After spending 24h on buses and being stuck at the border from Ecuador, I arrived in Cali, my first stop in Colombia. My expectation for Colombia built up as I was getting closer. Everyone that I met told me how beautiful this country is, how nice the people are and how safe it is. After spending there one month, I can say that I agree with all these.
The first thing that comes in most people’s mind when they think about Colombia is probably drugs, crimes and Narcos. Maybe Shakira for the big fans. But Colombia is not (anymore) all about this. It is a country that went through a lot of change recently. The beautiful nature, the food, the friendly people and the cultural heritage attract now more and more tourists.
To understand the current situation in Colombia and fully appreciate its progress, I’ll give you a short history lesson. Not long time ago, Colombia went through a difficult time. It was a war between the army, paramilitary forces and the drug cartels that lasted for decades. During these years more than 200.000 civilians lost their life. Medellin, for example, was declared the most dangerous city in the world. My tour guide, who grew up there, told me that she used to pass by dead bodies on the street when she was going to school. Bombings, assassinations, killings were a normal thing and as a civilian you just wished you won’t get into the cross fire.
In the last years the situation improved a lot. Not only the government became less corrupt and tried to find peace with all the paramilitaries, but also the drug cartels became less aggressive. Tourists started to visit the country more and more and Colombia became one of the biggest attractions in South America. A big contribution to this I think can be attributed to the popular and controversial TV show Narcos.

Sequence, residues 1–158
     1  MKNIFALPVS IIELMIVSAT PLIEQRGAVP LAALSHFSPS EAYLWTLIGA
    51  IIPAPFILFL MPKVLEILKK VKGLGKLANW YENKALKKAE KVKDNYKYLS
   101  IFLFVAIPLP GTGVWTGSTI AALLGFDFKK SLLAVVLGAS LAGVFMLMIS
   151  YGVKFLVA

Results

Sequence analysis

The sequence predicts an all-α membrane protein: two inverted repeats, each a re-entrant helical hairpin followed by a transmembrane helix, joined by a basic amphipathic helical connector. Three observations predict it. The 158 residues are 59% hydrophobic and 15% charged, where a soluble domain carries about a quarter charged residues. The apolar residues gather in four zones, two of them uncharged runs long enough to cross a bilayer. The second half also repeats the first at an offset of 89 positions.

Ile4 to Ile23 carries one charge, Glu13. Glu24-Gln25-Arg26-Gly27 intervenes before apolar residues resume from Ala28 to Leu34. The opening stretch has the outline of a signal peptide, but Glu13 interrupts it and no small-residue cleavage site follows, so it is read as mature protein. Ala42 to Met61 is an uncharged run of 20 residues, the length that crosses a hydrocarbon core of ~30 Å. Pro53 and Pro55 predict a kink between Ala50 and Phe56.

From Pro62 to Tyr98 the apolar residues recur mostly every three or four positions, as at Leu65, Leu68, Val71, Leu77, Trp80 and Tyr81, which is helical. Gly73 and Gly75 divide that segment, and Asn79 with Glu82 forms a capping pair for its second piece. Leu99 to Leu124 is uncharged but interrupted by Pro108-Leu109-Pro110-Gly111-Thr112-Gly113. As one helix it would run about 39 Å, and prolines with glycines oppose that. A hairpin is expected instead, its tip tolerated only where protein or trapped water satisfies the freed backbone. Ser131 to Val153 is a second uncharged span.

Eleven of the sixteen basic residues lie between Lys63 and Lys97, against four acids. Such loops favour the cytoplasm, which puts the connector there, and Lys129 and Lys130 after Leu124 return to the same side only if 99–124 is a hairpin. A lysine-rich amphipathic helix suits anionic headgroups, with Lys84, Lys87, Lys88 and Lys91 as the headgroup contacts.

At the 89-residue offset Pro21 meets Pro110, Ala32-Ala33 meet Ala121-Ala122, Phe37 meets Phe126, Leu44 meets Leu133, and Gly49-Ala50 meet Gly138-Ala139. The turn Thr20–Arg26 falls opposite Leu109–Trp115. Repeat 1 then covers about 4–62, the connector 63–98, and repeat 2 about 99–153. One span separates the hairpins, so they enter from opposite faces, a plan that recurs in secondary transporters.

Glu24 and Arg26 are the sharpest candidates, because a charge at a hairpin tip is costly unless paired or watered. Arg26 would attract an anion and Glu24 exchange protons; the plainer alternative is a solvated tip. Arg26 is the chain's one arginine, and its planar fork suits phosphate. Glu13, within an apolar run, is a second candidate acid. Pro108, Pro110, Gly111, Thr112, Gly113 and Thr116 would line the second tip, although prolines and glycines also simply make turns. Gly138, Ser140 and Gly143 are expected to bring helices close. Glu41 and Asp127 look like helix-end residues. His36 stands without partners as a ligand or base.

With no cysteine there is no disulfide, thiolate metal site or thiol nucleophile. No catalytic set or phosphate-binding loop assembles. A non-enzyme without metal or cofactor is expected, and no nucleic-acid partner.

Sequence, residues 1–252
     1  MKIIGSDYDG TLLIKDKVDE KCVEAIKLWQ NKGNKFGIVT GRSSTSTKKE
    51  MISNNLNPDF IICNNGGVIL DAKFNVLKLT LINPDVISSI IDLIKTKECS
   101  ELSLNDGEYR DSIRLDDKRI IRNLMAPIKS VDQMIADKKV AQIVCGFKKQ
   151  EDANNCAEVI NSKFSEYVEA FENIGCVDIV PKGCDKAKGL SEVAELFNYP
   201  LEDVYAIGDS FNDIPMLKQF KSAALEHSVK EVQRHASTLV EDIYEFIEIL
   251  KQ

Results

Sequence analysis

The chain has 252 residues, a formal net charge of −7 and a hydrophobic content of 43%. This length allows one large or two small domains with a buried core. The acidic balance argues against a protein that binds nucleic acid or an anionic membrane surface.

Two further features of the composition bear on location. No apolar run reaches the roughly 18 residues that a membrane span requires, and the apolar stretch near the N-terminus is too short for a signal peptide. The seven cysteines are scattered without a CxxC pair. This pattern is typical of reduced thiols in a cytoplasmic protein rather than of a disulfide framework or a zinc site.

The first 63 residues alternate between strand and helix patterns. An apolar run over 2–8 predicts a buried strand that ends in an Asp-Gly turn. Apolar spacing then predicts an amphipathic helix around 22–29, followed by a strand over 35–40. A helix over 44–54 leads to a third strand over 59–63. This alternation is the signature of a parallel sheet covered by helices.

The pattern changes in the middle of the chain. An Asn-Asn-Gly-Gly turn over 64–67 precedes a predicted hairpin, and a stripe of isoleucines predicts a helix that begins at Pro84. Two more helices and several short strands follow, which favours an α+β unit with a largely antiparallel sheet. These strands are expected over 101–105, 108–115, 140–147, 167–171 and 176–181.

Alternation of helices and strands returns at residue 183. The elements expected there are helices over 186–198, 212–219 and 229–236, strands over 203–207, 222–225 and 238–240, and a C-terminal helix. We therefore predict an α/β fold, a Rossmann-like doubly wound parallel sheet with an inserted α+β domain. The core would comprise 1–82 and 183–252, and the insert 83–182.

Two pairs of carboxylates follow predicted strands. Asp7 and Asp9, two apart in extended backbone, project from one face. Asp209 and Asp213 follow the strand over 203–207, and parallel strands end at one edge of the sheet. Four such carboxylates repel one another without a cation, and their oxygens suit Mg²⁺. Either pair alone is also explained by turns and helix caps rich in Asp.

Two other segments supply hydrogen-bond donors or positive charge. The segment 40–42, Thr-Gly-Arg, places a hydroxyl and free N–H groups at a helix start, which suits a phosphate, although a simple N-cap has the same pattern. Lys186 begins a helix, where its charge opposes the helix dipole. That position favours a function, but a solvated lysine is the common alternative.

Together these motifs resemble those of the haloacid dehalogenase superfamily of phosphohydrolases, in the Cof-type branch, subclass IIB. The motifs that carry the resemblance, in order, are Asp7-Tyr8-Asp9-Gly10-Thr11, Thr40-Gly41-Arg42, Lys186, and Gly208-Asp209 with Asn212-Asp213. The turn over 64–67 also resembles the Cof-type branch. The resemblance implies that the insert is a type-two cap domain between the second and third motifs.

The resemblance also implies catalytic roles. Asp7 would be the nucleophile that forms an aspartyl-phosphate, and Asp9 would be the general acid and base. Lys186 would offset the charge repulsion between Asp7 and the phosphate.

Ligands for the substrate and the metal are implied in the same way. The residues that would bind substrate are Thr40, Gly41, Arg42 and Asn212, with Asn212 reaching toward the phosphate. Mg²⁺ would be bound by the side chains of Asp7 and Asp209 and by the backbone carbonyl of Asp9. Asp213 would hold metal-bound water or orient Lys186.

Even though the situation now is better than a few years ago, Colombia is still one of the most dangerous country in South America. The crime rate is still very high in the big cities like Cali, Medellin or Bogotá. In one of my first nights in Colombia, I was speaking with three other people from my hostel in Cali. All of them almost got robbed at knife point in daylight. On the Caribbean coast the situation is better. Cartagena and the area around Tayrona National Park are relatively safe, especially in the touristic areas.
Cali – The capital of salsa
Once the battlefield between the drug cartels, Santiago de Cali (aka Cali) is now considered the salsa capital of Colombia. A lot of hostels offer free salsa lessons and many clubs are open every night so you can practice your dancing skills. I didn’t like Cali that much as a city and I struggled to find something special about it. It has river crossing it, some churches and a hill not too far, but that’s pretty much it.
I’ve only spent a few days in Cali and one thing I really enjoyed there was the Street Food tour. For me food is a very important part of my travel experience. I like countries where the food is good, where street food is part of the culture and where I can eat something unique and special.
During this tour I’ve tried a lot of weird home made drinks from the street vendors (Champus), some snacks (green mango with lime, salt and condensed milk, shrimp cevrice, bunuelos, empanadas) and the traditional Bandeja paisa (meat with rice and beans steamed in banana leaf). The last stop of the tour was at the fruit market, where I tasted dozens of exotic fruits I’ve never seen before. Some of them with weird textures, some like a combination of different fruits and some with different health benefits. I will probably not be able to name or identify them, but it was a great experience.